On the other hand, with Article 3 of the Treaty referring to the United Nations Charter, it would be possible to envisage a resolution of space disputes by the mechanisms of settlement of international conflicts enumerated in the above mentioned Charter, such as the International Court of Justice (ICJ).
However, the possible recourse to the ICJ also poses some problems because the latter can be seized in contentious matters only by states, and can deal with a dispute if the states in question have accepted its jurisdiction. Private entities cannot therefore avail themselves of the jurisdiction of the ICJ.
But with an increased privatization of space activities and operations, space disputes concern more private entities between them, or even public and private entities. The ICJ cannot therefore constitute an adequate forum for such issues.
Hence the need for a more appropriate dispute settlement mechanism.
The Space Liability Convention
The 1972 Space Liability Convention is a widely ratified United Nations Space Treaty that addresses the issue of dispute resolution. According to its provisions, all states launching a space object are jointly and severally liable for any damage caused by that object.
This Convention allows states to assert liability claims on their own behalf and on behalf of their companies or individuals by instituting a two-tier claims procedure: the first through diplomatic channels and the second through the establishment of a Claims Commission.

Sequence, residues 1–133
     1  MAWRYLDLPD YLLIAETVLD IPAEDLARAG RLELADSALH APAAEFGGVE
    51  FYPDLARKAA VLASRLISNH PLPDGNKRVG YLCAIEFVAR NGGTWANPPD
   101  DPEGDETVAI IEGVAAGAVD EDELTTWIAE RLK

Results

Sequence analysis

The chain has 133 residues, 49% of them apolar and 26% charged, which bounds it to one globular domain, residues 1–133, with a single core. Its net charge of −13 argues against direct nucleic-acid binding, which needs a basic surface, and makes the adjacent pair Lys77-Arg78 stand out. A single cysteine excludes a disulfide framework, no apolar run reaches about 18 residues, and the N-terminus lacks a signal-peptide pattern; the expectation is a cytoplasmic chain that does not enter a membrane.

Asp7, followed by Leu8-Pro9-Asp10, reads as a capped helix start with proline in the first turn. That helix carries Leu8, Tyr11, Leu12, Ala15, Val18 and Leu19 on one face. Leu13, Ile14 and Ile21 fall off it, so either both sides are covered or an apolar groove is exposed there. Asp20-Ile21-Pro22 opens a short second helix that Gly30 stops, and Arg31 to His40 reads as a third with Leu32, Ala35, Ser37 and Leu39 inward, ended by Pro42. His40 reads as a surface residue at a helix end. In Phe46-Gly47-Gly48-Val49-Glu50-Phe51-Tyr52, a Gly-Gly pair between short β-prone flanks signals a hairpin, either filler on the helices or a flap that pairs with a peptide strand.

However, the dispute settlement system established by the Liability Convention has significant drawbacks:
- First, this system is limited to disputes on liability for damage as confined by the Convention. Its scope of application is therefore very limited.
- Second, decisions rendered by the Claims Commission are only recommendatory in nature, unless the parties have agreed otherwise in advance.
- Third, non-state parties can only assert their rights through cooperation between the signatory states. This can be detrimental to their interests, as governments may not always have an interest in acting on their behalf, according to the article XXII, for political reasons for example.
- Finally, it should be noted that the Convention has been used infrequently. The only claim made under the Liability Convention was by Canada in a case known as Cosmos 954.
The International Telecommunication Union
The International Telecommunication Union (ITU) is the United Nations specialized agency for information and communication technologies. The purpose of this agency is to organize telecommunication operations and services throughout the world by coordinating the international management of the radio-frequency spectrum and satellite orbits.